Agau is a long forward that lacks coordination, skill, and toughness. The Hoyas seem to limit his touches on the offensive end as much as possible. His teammates visibly cringe at times when he starts handling the ball. He's averaging 4.7 points and 2.8 rebounds in 14.6 minutes per game. He hasn't played more than eight minutes in any of the last three games and he didn't score or even attempt a shot in the last two against UNC-Greensboro and Marquette. I'd expect the trend of him riding the bench to continue against the Musketeers. Bluiett continued his sensational junior season with one of his most complete outings Wednesday night against Providence. He had 22 points on 8-of-14 shooting, including 3-of-8 from deep, to go with nine rebounds, four assists, and two steals in 31 minutes. The most encouraging takeaway from that game was the way he drove the ball and created plays for himself and his teammates. He's averaging 19.2 points (44.6% FG, 35.8% 3PT), 5.8 rebounds, and 2.2 assists in 33.8 minutes per game. The Hoyas don't really have a good matchup for him.
Significant Edge Xavier
RaShid Gaston SR (6-9, 239) vs Jessie Govan SO (6-10, 270)
Govan is a legit center with skill and agility. He scores well in the post even though he's had some trouble finishing lately, and he finds some garbage points off of putbacks and dump-offs. He's averaging 10.8 points (56.7% FG) and 5.6 rebounds in 19.3 minutes per game. He doesn't shoot many threes, but when he does he typically makes them - the big man is 6-for-8 from beyond the arc this year. He's scored in double figures in the last five games and had two double-doubles during that stretch with 12 points and 10 boards at Syracuse and 20 points and 10 boards against UNC-Greensboro. Defensively, he provides some shot blocking and rebounding. Gaston has been pretty solid over the last five games. He kept the momentum rolling on Wednesday with a 12-point performance on 6-of-6 shooting from the field. This will be a key matchup in the game. He's giving up some size, but he should be able to make up for that with his strength and physical style. His rebounding could be a big difference-maker against a Georgetown team that really struggles on the glass despite its size. He's averaging 7.9 points and 6.6 rebounds in 19.4 minutes per game.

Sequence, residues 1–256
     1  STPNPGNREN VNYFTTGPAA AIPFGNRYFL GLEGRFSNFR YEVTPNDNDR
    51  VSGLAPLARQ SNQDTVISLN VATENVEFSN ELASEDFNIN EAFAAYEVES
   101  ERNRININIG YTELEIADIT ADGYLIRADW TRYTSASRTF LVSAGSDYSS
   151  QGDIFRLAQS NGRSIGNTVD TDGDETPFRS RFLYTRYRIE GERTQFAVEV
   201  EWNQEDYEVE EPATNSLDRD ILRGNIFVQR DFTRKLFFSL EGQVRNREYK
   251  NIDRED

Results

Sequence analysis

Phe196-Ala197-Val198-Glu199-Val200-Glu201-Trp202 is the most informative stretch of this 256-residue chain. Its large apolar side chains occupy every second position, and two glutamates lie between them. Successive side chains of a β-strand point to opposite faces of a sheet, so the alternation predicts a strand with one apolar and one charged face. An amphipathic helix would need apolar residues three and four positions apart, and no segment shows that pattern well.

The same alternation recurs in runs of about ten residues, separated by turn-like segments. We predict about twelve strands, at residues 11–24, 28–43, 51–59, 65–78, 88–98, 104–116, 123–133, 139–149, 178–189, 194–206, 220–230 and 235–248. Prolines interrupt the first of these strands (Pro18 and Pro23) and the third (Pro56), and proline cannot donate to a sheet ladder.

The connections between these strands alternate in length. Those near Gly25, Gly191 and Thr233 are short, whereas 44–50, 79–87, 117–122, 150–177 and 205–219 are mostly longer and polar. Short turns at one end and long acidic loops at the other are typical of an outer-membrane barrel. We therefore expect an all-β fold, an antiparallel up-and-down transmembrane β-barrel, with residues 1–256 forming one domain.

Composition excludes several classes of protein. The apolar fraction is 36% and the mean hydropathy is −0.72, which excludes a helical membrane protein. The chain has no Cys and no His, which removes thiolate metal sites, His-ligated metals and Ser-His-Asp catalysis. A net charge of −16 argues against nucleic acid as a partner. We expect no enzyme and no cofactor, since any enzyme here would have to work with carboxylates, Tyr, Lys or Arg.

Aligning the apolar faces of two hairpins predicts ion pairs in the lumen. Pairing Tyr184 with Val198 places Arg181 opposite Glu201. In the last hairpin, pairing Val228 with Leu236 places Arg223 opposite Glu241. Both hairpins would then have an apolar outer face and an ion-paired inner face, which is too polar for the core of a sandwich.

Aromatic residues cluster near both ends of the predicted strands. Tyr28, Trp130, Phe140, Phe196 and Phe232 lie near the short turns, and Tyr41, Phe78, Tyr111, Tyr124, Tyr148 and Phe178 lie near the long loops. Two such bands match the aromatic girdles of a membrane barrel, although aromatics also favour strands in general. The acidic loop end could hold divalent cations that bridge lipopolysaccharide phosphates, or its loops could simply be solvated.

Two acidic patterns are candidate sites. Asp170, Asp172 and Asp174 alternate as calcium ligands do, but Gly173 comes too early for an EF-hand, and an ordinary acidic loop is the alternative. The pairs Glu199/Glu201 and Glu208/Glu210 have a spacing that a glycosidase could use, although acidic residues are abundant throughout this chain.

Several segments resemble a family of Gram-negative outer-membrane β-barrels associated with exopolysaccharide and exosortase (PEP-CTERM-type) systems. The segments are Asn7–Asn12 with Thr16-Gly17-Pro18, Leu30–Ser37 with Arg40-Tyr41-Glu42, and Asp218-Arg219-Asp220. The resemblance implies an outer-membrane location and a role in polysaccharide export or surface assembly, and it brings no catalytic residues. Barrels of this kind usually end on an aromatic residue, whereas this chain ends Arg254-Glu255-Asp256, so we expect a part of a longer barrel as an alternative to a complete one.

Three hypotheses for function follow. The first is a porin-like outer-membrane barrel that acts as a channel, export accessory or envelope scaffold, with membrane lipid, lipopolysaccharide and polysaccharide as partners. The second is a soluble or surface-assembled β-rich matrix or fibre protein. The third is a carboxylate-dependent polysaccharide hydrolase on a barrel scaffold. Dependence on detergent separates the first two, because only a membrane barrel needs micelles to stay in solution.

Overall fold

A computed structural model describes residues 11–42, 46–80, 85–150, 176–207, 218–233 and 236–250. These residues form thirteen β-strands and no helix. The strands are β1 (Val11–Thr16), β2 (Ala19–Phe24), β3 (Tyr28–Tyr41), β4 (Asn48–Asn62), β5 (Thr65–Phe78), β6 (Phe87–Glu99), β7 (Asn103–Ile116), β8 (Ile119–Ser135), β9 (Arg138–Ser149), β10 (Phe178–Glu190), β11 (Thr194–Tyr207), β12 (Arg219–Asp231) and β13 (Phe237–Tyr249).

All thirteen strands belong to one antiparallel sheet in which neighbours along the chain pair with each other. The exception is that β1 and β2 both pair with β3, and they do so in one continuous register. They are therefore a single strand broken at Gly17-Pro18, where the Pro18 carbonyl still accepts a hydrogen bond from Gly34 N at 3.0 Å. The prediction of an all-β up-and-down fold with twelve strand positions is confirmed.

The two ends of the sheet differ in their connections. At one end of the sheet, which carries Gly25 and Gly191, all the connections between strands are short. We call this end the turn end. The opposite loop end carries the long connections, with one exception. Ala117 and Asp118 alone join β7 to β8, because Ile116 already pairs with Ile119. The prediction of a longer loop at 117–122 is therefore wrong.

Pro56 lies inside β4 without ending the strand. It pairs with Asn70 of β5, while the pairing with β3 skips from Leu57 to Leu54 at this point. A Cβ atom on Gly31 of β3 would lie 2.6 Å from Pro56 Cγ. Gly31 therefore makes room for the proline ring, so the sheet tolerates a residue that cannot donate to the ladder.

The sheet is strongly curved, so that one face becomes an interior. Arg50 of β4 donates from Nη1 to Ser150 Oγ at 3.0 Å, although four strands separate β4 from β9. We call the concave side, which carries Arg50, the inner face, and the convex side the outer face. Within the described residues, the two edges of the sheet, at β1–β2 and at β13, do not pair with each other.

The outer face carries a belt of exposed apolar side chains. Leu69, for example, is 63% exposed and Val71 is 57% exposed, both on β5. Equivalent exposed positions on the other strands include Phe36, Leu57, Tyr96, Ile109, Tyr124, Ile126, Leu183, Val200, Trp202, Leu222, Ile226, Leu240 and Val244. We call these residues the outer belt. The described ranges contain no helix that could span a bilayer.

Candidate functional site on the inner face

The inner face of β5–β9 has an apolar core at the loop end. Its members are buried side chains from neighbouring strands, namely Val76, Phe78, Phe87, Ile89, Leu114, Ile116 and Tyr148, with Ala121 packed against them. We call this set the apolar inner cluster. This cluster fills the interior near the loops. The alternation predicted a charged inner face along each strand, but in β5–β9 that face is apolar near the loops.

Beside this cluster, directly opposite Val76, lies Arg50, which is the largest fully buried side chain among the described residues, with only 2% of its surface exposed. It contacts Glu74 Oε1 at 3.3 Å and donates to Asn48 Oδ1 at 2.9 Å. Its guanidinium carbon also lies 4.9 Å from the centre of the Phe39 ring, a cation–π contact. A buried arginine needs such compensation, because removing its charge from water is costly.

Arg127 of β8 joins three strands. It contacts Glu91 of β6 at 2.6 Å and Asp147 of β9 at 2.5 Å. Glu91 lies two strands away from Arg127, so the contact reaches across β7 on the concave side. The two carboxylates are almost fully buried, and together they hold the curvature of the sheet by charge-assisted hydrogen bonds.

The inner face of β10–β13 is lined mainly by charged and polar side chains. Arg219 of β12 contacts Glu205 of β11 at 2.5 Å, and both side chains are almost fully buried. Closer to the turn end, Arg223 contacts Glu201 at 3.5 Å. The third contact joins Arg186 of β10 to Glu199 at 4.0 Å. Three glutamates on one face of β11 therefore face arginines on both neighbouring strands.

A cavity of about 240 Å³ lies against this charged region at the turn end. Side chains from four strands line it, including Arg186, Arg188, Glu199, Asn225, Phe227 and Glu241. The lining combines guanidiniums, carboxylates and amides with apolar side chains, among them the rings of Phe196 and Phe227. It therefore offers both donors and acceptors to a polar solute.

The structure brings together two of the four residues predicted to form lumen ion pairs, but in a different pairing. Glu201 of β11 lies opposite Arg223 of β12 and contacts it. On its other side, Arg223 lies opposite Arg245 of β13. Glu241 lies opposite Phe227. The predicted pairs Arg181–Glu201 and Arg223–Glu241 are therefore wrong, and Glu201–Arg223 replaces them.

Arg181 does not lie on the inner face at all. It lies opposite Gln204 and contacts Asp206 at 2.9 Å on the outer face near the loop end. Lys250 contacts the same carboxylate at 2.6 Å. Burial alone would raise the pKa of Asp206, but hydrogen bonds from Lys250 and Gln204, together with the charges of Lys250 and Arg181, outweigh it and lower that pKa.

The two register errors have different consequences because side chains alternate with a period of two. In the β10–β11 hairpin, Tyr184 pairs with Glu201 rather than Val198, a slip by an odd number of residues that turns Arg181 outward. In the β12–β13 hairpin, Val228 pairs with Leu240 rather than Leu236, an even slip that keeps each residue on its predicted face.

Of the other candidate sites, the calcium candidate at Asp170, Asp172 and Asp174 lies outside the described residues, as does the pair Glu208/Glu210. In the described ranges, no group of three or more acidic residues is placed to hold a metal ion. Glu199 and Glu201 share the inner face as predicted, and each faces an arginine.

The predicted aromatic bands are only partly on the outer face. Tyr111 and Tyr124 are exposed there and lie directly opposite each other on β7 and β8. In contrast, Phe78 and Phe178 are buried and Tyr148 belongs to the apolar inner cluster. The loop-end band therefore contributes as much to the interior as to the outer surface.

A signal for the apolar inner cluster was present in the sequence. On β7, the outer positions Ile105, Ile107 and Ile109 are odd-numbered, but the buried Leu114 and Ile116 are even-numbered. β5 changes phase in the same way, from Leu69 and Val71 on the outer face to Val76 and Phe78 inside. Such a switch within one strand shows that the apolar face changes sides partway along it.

Xavier Bench vs Georgetown Bench